How the heck is one variable 'buggy'? It's true. Then, say something fails. It becomes false. The constructor ends before you know it. You check for falsity. Yes, ehh? You end main(). That's it.

Passing main()'s arguments to the constructor may be needed, but if you think about it realy realy hard, you can always provide some other option to change options since I'm not going to run the program from the command line every single time.

Since when was main() needed to return 0? What main() returns is useful for other programs, but nothing else. And if other programs need my program's return code then I wrote them. All I could do then is check if main was fasle or true. Much, much, easier.

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Conner McCloud    1135
Quote:
Original post by agi_shi
Since when was main() needed to return 0?

Since always. Its a long standing standard, and it is generally bad form to write off standards just because you don't see the point. This particular standard is even promoted by the language itself...if the program reaches the end of main without returning anything, valid execution is assumed and 0 is returned implicitly.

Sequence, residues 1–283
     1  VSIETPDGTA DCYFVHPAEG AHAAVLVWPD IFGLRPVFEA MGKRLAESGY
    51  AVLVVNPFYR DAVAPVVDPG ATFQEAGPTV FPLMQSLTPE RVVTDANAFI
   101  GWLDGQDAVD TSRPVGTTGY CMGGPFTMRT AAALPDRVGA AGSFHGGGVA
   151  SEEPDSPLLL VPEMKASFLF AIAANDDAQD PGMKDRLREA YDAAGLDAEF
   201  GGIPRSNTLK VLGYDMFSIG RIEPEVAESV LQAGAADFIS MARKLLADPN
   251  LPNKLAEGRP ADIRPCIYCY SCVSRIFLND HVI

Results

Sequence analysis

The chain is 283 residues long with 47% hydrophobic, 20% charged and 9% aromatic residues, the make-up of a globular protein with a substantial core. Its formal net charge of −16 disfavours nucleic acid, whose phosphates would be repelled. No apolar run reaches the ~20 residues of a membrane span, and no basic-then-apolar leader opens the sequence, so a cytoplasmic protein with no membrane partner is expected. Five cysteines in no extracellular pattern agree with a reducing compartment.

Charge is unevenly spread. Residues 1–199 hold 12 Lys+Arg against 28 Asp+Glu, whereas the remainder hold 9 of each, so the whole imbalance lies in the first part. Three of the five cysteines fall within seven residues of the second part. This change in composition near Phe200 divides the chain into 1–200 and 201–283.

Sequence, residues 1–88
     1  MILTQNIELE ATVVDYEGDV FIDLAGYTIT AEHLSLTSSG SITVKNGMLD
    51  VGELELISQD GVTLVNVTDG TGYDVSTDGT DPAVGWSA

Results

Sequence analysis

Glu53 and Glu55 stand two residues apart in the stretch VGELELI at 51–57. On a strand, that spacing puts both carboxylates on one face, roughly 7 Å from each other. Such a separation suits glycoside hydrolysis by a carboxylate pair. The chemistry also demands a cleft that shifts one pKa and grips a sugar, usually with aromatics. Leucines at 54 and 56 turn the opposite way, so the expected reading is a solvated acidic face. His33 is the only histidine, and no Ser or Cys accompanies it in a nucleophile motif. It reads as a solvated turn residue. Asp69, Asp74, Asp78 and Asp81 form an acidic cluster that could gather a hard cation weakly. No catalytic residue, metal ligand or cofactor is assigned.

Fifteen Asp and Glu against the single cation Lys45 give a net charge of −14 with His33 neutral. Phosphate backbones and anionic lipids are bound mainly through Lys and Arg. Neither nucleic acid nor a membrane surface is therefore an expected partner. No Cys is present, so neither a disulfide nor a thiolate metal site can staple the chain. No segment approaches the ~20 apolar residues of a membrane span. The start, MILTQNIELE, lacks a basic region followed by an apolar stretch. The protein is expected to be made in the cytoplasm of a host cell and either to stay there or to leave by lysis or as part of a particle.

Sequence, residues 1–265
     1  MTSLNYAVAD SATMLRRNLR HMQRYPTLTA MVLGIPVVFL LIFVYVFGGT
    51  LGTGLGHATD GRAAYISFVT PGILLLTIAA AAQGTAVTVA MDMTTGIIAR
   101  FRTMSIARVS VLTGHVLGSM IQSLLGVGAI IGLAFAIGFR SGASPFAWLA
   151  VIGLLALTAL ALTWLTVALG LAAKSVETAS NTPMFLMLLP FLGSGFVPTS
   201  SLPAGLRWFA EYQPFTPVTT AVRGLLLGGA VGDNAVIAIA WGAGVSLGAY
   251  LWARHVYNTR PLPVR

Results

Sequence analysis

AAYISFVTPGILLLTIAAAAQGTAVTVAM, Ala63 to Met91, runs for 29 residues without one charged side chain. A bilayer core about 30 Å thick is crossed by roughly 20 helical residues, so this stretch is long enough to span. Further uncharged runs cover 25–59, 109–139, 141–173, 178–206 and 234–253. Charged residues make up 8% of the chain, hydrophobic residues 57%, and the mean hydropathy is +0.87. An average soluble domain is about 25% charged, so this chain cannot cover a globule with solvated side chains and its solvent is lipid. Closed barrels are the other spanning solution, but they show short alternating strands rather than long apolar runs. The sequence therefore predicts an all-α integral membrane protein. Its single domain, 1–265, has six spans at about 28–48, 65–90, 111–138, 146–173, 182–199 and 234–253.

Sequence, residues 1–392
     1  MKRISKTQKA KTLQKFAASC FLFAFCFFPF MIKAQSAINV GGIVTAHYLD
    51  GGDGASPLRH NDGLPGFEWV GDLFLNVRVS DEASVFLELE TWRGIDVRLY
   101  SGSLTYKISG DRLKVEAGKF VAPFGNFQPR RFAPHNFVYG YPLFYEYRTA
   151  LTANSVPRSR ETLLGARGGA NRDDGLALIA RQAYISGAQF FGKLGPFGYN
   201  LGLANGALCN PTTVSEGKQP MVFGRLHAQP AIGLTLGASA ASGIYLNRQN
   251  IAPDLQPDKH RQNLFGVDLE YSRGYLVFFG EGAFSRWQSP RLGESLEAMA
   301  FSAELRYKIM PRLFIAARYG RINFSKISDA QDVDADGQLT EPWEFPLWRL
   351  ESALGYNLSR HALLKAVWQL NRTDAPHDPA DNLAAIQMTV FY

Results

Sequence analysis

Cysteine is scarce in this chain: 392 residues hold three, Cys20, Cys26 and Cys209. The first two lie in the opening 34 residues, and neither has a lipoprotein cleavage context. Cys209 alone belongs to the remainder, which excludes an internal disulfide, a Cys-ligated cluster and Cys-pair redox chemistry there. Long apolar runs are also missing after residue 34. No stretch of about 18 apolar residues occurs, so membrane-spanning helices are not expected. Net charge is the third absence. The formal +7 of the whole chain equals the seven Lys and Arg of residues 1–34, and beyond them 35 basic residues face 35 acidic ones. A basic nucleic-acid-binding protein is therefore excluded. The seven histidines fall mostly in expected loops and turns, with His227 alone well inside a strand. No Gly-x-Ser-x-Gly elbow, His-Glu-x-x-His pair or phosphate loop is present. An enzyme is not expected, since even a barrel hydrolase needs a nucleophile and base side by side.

CM

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Cygon    1219
I don't think a file can be 'too short' in C++ ;)

Creating your CGameManager on the stack is a good idea, if you ask me. That way, your destructor can perform cleanup work in case an exception ends the game.

My main tends to look like this:

int main(int argc, const char *argv[]) {
using namespace std;

try {

// Run a new instance of our game
MyGame(vector<string>(argv, argv + argc)).run();

}
catch(const exception &e) {
cerr << e.what() << endl;

#ifndef NDEBUG
// In debug mode, give the debugger a chance to break
throw;
#endif

return -1;
}

return 0;
}



My applications always have a class with the name of the application itself that have a run() method or an overloaded function operator. Therein you will find the main loop, or whatever is needed to keep the application alive.

-Markus-